Norton confirmed by 'landslide'
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JANUARY 31, 2001

Overcoming criticism stemming from her 20-year history as a private lawyer and public official, Gale Norton on Tuesday became the first woman to head the Department of Interior.

By a vote of 75-24, the Senate confirmed the former Attorney General of Colorado. All 50 Republicans were joined by 25 Democrats in expressing support for Norton, whose nomination a month ago by President George W. Bush set off a nationwide campaign by environmental groups who are predicting doom for America's lands under her watch.

"Unless Congress and the public hold her feet to the fire, Gale Norton as Interior Secretary will be a natural disaster," said Sierra Club executive director Carl Pope yesterday.

Pope's organization was among a number who sponsored print, television, and radio ads characterizing Norton as a friend to private industry and a foe to public conservation. Her links to James Watt, President Reagan's controversial Interior Secretary, defense of mining, grazing, and logging interests, and criticism of environmental and land management laws were frequent subjects of debate by Norton foes.

Norton for the most part, however, was able to overcome the negative image. Guaranteed support by Republicans, her two days of testimony and responses to written questions in which she backed off or clarified some of her more controversial views convinced many Democrats who had expressed doubts about her record.

Not all were swayed, though. Often raising the Watt issue, a number of Democrat Senators who voted against Norton on Tuesday warned that Norton's past would come back to haunt the Department of Interior.

"While I certainly appreciate Ms. Norton's willingness to rethink and revise her views, I remain greatly concerned," said Senator John Kerry. "Too often absolutist views were cast aside with little or no explanation. Too often the answers were vague and incomplete."

Senator Barbara Boxer (D-CA) also focused on Norton's apparent change of heart and said she was "saddened" by many of Norton's responses to over 200 written questions. In particular, Boxer worried if Norton would uphold a recent Interior decision which killed a gold mine project in California because it would damage land sacred to the Quechan Nation.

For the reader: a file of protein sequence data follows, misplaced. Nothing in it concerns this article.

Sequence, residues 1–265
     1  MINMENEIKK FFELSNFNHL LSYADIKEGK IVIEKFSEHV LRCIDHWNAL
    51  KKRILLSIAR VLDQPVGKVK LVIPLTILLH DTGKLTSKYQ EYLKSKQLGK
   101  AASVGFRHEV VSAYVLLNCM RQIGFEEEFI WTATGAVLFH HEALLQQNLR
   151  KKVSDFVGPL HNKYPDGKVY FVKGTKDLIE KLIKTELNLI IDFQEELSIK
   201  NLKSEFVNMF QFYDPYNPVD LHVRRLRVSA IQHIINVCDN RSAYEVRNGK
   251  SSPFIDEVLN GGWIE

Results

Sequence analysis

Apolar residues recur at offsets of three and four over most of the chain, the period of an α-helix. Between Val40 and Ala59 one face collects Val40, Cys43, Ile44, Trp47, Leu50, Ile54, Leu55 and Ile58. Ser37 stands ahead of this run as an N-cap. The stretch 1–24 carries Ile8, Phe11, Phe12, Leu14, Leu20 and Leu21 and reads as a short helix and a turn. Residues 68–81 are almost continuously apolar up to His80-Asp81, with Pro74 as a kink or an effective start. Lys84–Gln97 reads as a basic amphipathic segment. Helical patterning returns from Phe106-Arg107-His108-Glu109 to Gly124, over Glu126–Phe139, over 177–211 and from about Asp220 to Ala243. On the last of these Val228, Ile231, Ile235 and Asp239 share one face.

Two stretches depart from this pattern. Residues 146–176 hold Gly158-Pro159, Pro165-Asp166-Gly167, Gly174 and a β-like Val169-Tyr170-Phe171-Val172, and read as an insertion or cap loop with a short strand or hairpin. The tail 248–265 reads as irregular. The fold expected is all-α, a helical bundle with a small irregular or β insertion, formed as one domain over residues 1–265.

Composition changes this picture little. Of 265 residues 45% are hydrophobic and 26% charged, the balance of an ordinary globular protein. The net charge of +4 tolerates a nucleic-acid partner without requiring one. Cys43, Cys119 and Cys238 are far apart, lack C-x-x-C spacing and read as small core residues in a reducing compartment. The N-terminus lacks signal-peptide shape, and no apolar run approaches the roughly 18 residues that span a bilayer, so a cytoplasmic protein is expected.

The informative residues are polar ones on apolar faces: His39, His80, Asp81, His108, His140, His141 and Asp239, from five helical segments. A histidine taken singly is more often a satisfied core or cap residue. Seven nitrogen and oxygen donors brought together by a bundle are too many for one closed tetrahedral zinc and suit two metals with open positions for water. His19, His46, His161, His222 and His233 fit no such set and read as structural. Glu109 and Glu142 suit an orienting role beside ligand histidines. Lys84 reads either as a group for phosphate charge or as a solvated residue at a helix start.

"She will make decisions regarding grazing, mining, offshore oil and gas development, habitat protection or habitat destruction, and American Indian tribal concerns that will have far-reaching and long-lasting consequences," said Boxer. "When I asked her if she would uphold the Bureau of Land Management's important decision to deny a permit to a gold mine which everyone agrees would destroy Native American land . . . she basically passed on an answer."

One of Norton's biggest supporters, meanwhile, called the vote yesterday a "landslide." Senator Ben Nighthorse Campbell (R-Colo) said even most Democrats didn't believe the "scare tactics from environmental extremists," although the League of Conservation Voters said while 12 Senators in 1981 voted against Watt, twice as many voted against Norton.

Chairman of the Senate Indian Affairs Committee, Campbell has often praised her work with Ute tribes in their state. Along with positive votes from almost all of the members of the Committee -- with the notable exception of Senator Paul Wellstone (D-Minn) -- Norton also received support from the Navajo Nation, the largest tribe in the country, and the United Southern and Eastern Tribes (USET), representing 25 tribes.

Relevant Links:
The Department of Interior -
United Southern and Eastern Tribes -
The Sierra Club -
The League of Conservation Voters -
Stop Gale Norton -

Say No to Norton -

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